By Jeff White (firstname.lastname@example.org)
CHARLOTTESVILLE — After a long bus trip home from Philadelphia, the UVa men’s lacrosse team met briefly at University Hall on Sunday night. The players left with a clear understanding of the challenge facing them.
“We don’t harbor any illusions here,” head coach Dom Starsia said Monday morning. “Everybody in our locker room knows we need to play better, play a more complete game.”
The Cavaliers are 3-0, with each victory by a single goal. On Feb. 6, Virginia opened with a 14-13 overtime win over Loyola (Md.) at Klöckner Stadium. The Wahoos needed a last-second goal by junior midfielder Ryan Tucker to force OT.
Two days later, as the visiting team in the University of Richmond’s first men’s game, UVa survived 13-12 at Robins Stadium. Sunday afternoon in Philly, senior attackman Mark Cockerton scored with 15 seconds left to lift Virginia to an 11-10 win over Drexel.
Many UVa fans find these close calls alarming. Starsia, who’s in his 22nd season at the University, isn’t panicking. Loyola won the NCAA title in 2012, he knows, and is ranked No. 9 in the USILA coaches poll released Monday. Drexel, 11-4 in 2013, was picked to finish third in the Colonial Athletic Association this season.
Virginia, which hosts Rutgers at 5 p.m. Saturday, is tied with Denver for fifth in the latest USILA poll.
“It’s early in February,” Starsia said. “Have we played our best lacrosse? No, but at the same time we’ve played a couple of pretty good teams and we’ve got a couple of Ws under our belt, and I think we’re moving in a positive direction. Guys continue to work and they pay attention. Now we just gotta turn that into performance.”
The `Hoos went 1-3 in one-goal games last season. This marks the first time since 2009 that Virginia has played three one-goal games in a row.
“It’s quite remarkable, really,” Starsia said. Drexel “was the one that I probably would have predicted had the best chance to be a game like this. They always play us tough, and playing them on the road like that [added to UVa’s challenge].”
In the 2012 opener, UVa edged Drexel 9-8 in Philadelphia. The Cavaliers opened last season with a 13-12 overtime win over the Dragons at Klöckner.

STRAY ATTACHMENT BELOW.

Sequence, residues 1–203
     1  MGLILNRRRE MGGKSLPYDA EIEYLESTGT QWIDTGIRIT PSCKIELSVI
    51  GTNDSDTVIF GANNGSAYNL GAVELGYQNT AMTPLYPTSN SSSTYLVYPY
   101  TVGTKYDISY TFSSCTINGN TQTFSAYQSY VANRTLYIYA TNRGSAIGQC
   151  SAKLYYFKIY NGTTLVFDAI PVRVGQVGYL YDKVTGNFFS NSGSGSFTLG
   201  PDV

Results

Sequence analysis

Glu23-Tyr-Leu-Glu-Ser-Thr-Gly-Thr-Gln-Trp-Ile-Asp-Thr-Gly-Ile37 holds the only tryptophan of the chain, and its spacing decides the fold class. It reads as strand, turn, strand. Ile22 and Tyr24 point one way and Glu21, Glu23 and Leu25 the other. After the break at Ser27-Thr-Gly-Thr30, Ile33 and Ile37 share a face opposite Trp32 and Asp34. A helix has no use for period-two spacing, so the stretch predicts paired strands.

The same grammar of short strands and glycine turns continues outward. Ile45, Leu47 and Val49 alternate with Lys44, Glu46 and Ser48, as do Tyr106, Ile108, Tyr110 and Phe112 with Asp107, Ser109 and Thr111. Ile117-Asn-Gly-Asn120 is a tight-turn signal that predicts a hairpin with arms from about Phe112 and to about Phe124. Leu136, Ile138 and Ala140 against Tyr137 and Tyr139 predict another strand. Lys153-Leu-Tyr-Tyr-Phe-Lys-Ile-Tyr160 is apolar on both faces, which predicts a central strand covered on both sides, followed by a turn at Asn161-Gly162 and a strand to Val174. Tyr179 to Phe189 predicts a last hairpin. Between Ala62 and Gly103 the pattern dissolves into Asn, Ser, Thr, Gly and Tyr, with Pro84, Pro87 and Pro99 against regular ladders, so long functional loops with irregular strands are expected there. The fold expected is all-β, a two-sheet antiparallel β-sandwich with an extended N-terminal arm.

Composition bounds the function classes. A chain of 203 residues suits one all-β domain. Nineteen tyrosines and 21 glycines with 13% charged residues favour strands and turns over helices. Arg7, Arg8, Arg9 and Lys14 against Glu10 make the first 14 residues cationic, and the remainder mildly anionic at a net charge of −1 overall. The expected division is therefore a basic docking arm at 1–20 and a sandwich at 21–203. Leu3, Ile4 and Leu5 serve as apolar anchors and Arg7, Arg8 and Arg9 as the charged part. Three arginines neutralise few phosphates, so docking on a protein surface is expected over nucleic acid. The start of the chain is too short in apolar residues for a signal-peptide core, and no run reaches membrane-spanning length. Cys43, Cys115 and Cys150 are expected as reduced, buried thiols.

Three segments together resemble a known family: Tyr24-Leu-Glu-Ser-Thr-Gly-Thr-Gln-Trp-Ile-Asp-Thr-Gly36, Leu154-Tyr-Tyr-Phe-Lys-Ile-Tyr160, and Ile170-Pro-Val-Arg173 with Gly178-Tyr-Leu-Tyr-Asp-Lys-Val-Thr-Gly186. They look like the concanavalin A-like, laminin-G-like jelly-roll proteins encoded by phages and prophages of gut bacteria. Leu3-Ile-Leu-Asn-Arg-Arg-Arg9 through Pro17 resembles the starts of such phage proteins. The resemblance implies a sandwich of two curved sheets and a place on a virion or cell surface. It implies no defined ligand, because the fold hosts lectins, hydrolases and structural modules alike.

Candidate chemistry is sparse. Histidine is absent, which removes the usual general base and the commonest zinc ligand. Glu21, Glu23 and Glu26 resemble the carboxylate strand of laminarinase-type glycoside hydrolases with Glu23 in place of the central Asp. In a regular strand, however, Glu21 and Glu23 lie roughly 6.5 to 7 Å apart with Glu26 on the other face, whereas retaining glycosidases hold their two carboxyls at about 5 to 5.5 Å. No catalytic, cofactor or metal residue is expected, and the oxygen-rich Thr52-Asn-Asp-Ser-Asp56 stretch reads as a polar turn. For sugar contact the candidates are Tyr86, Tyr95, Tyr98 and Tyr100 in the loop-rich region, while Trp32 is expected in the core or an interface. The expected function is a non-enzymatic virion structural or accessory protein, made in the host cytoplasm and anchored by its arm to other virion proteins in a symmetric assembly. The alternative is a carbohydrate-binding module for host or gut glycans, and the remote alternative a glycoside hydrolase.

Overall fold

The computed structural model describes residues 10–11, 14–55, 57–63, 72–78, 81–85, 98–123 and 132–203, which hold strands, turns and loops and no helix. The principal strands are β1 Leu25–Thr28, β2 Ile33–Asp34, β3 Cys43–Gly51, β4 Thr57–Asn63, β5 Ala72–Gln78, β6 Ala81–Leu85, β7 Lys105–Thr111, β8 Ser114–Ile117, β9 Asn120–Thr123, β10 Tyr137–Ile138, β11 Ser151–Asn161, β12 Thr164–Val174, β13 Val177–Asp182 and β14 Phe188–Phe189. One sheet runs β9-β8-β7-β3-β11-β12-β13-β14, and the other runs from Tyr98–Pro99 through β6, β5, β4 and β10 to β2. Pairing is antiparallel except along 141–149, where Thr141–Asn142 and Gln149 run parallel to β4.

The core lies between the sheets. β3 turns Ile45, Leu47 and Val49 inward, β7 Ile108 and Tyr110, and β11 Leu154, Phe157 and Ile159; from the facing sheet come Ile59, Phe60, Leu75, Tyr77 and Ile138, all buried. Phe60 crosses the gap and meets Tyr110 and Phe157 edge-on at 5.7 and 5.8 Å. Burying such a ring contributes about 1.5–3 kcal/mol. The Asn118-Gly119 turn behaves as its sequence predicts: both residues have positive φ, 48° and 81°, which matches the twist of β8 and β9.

Virginia had a less-than-ideal week of preparation leading up to its latest clash with Drexel, a game that was postponed a day because of bad weather in Philly. Conditions weren’t much better in Charlottesville. The Cavaliers were forced to train in the George Welsh Indoor Practice Facility on Thursday, Friday and Saturday.
“The indoor was a godsend, because I don’t know what we would have done without it,” Starsia said, “but at the same time sometimes you’ve got half the field, sometimes you’ve got the full field. There’s no lines on it. Obviously we were happy to have it, but it doesn’t quite play the same way.”
Virginia, which has won four NCAA titles under Starsia, is by far the most storied program on Drexel’s schedule. Loyola plays defending NCAA champion Duke on March 9. In general, though, the Greyhounds rarely face marquee opponents during the regular season.
As a result, Starsia said, teams such as Drexel and Loyola “put an awful lot into these early games [with Virginia]. We’re a benchmark for them in a lot of ways, so we’re going to get their best shot, and they’re just better than people think.
“At the same time, we need to play better. We need to be a more consistent lacrosse team. We show flashes of potential or brilliance, but we’ve made some mistakes that are just inexcusable, by veteran players. It’s not the young pups. ”
He’s not overly concerned, for example, when freshman midfielder Zed Williams “passes up a great shot and maybe turns the ball over,” Starsia said. “Those things are going to happen. We’re not talking about that. We’re talking about my defensemen and Ryan and Rob Emery not completing plays that the other teams have turned around [and scored on]. We gotta start playing better, and I think everybody understands that.”
“I thought we were very good in the half-field on offense and defense,” Starsia said. “It was the transition play and our clearing game that let us down, and then the time of possession.”